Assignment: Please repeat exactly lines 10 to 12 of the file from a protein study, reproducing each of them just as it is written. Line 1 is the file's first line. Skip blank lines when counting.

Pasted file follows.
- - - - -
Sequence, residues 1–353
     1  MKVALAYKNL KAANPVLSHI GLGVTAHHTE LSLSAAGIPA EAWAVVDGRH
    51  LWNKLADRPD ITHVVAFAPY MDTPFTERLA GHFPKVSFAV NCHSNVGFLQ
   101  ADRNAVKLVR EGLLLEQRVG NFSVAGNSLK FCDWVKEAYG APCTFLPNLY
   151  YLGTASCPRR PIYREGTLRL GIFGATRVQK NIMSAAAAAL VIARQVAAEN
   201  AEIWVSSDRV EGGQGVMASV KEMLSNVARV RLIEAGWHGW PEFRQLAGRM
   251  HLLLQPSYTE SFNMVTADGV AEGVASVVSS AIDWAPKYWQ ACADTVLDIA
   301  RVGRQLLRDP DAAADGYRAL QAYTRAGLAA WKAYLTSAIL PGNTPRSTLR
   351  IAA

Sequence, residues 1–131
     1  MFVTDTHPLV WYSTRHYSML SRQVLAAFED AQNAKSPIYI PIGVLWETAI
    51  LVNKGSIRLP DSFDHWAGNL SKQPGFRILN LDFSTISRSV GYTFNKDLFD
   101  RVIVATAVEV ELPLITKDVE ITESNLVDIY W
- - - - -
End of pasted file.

Sequence, residues 1–131
     1  MFVTDTHPLV WYSTRHYSML SRQVLAAFED AQNAKSPIYI PIGVLWETAI
    51  LVNKGSIRLP DSFDHWAGNL SKQPGFRILN LDFSTISRSV GYTFNKDLFD